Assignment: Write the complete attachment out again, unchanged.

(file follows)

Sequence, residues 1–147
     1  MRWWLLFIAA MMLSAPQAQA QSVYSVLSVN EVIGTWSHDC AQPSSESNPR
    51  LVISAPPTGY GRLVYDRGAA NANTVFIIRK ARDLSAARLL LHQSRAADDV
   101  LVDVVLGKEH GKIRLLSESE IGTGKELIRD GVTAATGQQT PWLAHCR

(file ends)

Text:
Sequence, residues 1–147
     1  MRWWLLFIAA MMLSAPQAQA QSVYSVLSVN EVIGTWSHDC AQPSSESNPR
    51  LVISAPPTGY GRLVYDRGAA NANTVFIIRK ARDLSAARLL LHQSRAADDV
   101  LVDVVLGKEH GKIRLLSESE IGTGKELIRD GVTAATGQQT PWLAHCR